The main exhibition hall at the liquor wholesaler's convention in Las Vegas last week was filled with makers and marketers of spirits looking for love (or at least distribution agreements). Among them were folks from a company called Western Flavored Whiskey. Their bottles have a round, frontierish look, and the labels are like old western wanted posters, except that the wanted are apparently naughty cowgirls, some with pneumatically enhanced breasts that could stop a steer. The whiskey is offered in four flavors: honey pepper, peach, amaretto and orange.

Of course cowboys drank flavored whiskey. You must have missed that day in seventh-grade history class. But like it or not, you’ll be seeing more flavored whiskey on the market. The cocktail revolution will not be un-flavorized.

The next morning, walking way on the other side of Caeser’s Palace, I passed a hospitality suite for a company called Real American Whiskey. It sells flavored whiskey. It's sold in round, frontierish bottles, and has labels with a western theme and a pair of comely rodeo cowgirls, who it turns out are mother and daughter. It's offered in four flavors: honey pepper, peach, amaretto and orange.

I mean, what are the odds?

So I stepped inside and asked a company employee about the link between Western Flavored Whiskey and Real American Whiskey. She blinked a few times and looked confused, then poured me a shot of orange-flavored whiskey. What other company, she asked? Really, the exact same flavors?

How embarrassing! It’s like two people showing up at the Academy Awards in the same Versace.

Just to make sure, she hollered across the room to a man in a suit, who wandered over. I asked about the other company, and his eyes narrowed to slits. These slits said, wordlessly, “Oh, them.

It turns out that one of the partners in RAW whiskey had worked with WFW as a consultant. Or so they claim.

As often happens in the liquor trade, they had a falling out. And so the consultant and his partner decided to go off on their own and launch their own brand of flavored whiskeys. Using the exact same flavors of his former client. Including honey pepper. Side note: What the hell with honey-pepper? I tried both honey-peppers whiskeys, and I’m here to tell you they both tasted off-the-charts wrong, although in bizarrely different ways.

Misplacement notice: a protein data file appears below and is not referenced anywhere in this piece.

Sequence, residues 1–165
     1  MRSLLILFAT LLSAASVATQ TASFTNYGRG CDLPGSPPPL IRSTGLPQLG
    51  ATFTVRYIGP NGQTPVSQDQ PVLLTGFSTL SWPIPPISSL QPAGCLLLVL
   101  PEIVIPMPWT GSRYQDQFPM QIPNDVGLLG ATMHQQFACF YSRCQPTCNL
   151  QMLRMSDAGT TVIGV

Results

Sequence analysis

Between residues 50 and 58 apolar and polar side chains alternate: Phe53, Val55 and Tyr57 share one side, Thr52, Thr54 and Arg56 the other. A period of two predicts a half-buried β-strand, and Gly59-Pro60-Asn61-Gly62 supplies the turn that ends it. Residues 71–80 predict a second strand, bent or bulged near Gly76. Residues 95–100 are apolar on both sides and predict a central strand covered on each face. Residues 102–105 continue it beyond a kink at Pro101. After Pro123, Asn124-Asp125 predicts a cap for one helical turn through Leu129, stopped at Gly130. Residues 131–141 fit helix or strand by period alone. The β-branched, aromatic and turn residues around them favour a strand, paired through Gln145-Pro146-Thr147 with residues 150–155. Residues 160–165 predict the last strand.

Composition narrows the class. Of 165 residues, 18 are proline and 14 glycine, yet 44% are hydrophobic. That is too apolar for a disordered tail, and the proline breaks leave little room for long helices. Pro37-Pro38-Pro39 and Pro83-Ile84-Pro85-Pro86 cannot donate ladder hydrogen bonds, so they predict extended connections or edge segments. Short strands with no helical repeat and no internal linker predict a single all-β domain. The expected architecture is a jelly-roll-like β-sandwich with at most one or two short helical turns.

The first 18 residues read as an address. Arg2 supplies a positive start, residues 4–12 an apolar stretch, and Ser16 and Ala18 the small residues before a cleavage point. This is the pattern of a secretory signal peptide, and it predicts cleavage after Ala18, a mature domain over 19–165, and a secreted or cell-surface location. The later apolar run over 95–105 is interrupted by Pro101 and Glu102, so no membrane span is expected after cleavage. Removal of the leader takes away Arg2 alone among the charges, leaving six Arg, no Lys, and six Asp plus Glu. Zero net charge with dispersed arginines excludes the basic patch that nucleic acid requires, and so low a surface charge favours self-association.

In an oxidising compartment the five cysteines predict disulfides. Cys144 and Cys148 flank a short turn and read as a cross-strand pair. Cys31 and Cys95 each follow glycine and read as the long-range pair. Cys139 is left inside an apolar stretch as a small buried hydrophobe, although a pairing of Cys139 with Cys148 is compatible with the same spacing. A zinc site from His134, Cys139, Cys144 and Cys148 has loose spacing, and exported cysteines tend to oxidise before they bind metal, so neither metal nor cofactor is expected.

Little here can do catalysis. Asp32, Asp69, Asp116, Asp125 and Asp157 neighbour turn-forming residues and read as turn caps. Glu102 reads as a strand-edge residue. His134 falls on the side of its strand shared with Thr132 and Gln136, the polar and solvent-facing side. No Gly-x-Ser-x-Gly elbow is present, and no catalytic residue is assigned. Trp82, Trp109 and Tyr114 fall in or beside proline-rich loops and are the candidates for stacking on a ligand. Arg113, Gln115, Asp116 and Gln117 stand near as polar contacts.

One other thing also seemed clear: the cocktail revolution will not be un-litigated.


Mardi Gras goes year round with King Rex Spirits!

“Our product has been out for only an hour and a half!” enthused Diane Svehlak, the president of King Rex Spirits.

Just that morning her company had rolled out a series of New Orleans-themed spirits at a splashy WSWA hospitality suite at Caeser’s in Las Vegas. Green, gold, and purple beads were draped about the room like a St. Charles Ave. oak, and a guy who evidently received the “wear-your-Blues-Brothers-outfit” memo was blowing on a saxophone.

New Orleans spirits?

Well, yes… rum, vodka, and bourbon, sold in are elaborate Mardi-Gras themed bottles. But let’s let the press release do the heavy lifting:

The designs include unique crystal jewels, but also feature an interesting shape face showcasing an intricate colorful painted texture mask seen at Carnival. The exquisite bottle capsulation is as regal as any King's crown with each bottle neck painstaking design for the ultimate ease to speed pour. Each designer bottle identifies the category of spirits by their Carnival color of purple "Justice" King REX Ultra-Premium Vodka, green "Faith" King REX Ultra-Premium Silver Rum, and gold " Power" King REX Ultra-Premium Bourbon.

But, wait, there’s more! Press a button on the bottom of each bottle, and they light up with little LEDs in the base — purple for vodka, green for rum, gold for bourbon. The light will supposedly run for 40 hours. I thought this was just a cool novelty, but I was told it was a “value proposition.” Just when I think I’m getting on top of this liquor trade, I find I have much to learn!